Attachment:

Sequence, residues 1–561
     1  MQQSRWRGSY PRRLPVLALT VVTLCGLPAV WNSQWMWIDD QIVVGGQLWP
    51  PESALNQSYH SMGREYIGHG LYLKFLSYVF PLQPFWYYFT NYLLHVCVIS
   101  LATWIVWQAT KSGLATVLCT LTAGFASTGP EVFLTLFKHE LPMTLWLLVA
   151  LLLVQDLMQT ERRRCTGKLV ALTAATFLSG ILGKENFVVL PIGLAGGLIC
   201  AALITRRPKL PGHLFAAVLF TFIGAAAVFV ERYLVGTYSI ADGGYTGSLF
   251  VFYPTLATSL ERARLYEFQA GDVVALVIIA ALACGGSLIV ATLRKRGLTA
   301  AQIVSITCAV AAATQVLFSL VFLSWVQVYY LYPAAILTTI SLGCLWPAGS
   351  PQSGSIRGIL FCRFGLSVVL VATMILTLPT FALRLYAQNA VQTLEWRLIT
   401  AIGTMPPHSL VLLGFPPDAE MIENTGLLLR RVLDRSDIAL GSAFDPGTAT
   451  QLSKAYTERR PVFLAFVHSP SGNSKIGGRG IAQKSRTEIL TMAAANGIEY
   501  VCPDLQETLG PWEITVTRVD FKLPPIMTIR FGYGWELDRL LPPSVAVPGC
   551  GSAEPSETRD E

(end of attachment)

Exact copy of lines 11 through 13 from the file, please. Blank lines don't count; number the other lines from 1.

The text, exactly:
   451  QLSKAYTERR PVFLAFVHSP SGNSKIGGRG IAQKSRTEIL TMAAANGIEY
   501  VCPDLQETLG PWEITVTRVD FKLPPIMTIR FGYGWELDRL LPPSVAVPGC
   551  GSAEPSETRD E